This and of course the rise of smartphones and easy communications over the last 20 years. So many different aspects tie into this but simply put, we increasingly chose convenient communication over in-person or even phone calls.
The latter is important because it turns out that social media — as it is today — is not a fit substitute for these village-style relationships. It is not good at building the engagement that Baumeister and Leary deem crucial to our happiness and sense of belonging.
This difference can be shown at a chemical level: in 2012, University of Wisconsin psychologists ran an experiment on young girls that tested cortisol levels to identify when spikes of oxytocin (aka the ‘cuddle chemical’) occurred⁶ thus reducing cortisol (aka the stress hormone).
The girls who saw their mothers in person spiked most, reducing their cortisol. Those who heard their mother’s voice saw a similarly positive effect — but not to the same degree.
Those receiving a text message from their mum? No impact.
Social media is missing the mark.
So sure, we are not going to go back to living in villages but we still don’t have the new, digital, true replacement.
Social networks are great at many things — connections, network, communication channels, events, broadcasting. But, they are not designed (in my belief) to create long-term, caring engagement with loved ones.
For example, users are typically driven to gain high numbers of followers through constant low-engagement interactions. However, this is counter-intuitive as relationships are subject to the laws of diminishing returns as revealed in Baumeister and Leary’s research:
“the formation of social attachments [is] subject to diminishing returns, that is people should experience less satisfaction on the formation of such extra relationships [beyond a base number], as well as less distress on terminating them”³.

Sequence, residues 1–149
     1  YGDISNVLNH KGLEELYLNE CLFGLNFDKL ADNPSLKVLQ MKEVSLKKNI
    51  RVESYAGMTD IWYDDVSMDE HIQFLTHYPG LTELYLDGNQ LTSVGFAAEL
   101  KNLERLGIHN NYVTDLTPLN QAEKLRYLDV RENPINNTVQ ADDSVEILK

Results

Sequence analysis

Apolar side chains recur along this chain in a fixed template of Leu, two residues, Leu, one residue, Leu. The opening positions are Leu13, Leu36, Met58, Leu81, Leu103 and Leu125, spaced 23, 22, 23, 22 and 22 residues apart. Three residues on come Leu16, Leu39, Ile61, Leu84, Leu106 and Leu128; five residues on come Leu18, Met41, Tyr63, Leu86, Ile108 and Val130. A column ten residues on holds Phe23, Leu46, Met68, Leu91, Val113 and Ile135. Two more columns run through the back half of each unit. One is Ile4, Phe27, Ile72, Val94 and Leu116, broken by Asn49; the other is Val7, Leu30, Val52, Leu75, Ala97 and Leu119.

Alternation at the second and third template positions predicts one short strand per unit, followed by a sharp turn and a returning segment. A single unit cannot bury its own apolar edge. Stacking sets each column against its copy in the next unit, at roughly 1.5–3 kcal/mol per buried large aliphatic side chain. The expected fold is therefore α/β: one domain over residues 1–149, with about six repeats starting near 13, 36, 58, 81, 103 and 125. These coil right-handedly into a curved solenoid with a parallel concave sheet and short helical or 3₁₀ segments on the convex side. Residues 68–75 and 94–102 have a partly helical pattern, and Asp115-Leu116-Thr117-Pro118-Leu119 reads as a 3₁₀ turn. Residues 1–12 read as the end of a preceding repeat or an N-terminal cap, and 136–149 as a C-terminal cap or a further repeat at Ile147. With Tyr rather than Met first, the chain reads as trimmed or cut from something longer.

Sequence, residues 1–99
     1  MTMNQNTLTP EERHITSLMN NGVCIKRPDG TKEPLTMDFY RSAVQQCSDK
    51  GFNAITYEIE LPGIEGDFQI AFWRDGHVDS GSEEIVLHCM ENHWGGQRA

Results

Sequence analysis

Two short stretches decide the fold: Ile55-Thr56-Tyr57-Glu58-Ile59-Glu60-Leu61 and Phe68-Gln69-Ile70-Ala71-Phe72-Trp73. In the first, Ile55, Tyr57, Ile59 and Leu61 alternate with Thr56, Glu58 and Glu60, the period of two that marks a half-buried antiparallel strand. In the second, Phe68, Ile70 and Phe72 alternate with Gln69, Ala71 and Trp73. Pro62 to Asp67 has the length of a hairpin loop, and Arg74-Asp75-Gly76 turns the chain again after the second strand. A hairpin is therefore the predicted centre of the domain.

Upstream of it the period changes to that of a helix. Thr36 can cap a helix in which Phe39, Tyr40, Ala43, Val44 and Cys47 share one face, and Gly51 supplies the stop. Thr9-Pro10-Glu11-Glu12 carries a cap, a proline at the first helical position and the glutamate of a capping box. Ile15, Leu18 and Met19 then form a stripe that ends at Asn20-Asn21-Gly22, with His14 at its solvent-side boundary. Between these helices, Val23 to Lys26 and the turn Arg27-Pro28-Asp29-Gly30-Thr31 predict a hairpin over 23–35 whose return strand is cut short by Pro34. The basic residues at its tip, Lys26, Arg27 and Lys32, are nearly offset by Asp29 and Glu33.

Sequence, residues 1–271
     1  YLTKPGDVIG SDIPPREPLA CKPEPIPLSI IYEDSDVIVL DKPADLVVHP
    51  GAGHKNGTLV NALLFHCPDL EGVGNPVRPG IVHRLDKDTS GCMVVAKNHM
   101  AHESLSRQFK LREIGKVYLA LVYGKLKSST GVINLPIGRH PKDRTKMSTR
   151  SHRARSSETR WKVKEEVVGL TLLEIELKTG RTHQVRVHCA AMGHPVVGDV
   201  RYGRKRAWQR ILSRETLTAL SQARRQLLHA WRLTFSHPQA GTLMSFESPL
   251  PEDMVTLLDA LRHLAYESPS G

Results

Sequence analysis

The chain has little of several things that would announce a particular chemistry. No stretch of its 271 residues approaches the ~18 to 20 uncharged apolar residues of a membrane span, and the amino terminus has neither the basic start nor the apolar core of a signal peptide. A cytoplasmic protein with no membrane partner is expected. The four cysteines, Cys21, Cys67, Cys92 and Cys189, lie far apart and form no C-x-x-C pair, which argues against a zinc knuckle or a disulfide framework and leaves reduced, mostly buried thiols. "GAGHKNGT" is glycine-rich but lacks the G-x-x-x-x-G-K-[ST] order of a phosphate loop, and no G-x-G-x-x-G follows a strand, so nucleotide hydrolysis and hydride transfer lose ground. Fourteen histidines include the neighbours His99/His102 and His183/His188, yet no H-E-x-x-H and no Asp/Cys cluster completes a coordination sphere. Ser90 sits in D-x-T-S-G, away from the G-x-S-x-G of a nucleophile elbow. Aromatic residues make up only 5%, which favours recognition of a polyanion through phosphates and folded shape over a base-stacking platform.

Once you have your quota, you care less about each next one. You don’t care that your Nth friend is added on Facebook and certainly you don’t care when they leave (as I realised when no one noticed I left Facebook).
At the heart of it, we are looking for personal engagement. Facebook will help you to find out your friend’s last three holidays, post a few smiley faces, but it isn’t helpful if you want to know how your friend is feeling.
I return to Facebook not simply because it was the one that inspired this investigation but also because it is the one that feels like it almost fulfils this need.
Where Snapchat and Twitter are for broadcasting (although interestingly in Twitter’s 2018 Q4 earnings call they revealed that they are looking to make it more ‘conversational’ so watch this space⁷) and Instagram is for snapshots of life, Facebook seemingly is for relationships yet falls short of the mark.
In fact, I believe those closest to enabling these engaging connections are communication tools rather than social networks: Skype, Facetime, and — more recently — Voice Memos. However, they lack the network structure that is vital in building a wider community.
I started with the question: what’s not working with social media. More than ever I am convinced that there is a fundamental need that isn’t being met.
Social media is excellent in so many ways but there remains space for something new to facilitate the manner of relationships that we, as humans, truly thrive on.
In my next post, I’ll be looking at what I think this elusive solution looks like and what early indicators we’ve seen in the market.
Until then -
If you’re building the next iteration of social media, get in touch at firstname.lastname@example.org.
Alternatively, tweet me nice things @phoebescriven.
- Pew Research, 2018
- Marketing Dive Survey, 2018
- The Need to Belong: Desire for Interpersonal Attachments as a Fundamental Human Motivation, Research Gate, 1995
- Ancestry, 2016
- We All Need Our Village, Relevant Magazine, 2009
- The Secret to Long and Happy Life, Book Review, The Guardian, 2015
- Twitter 2018 Q4 Earnings Call, Transcript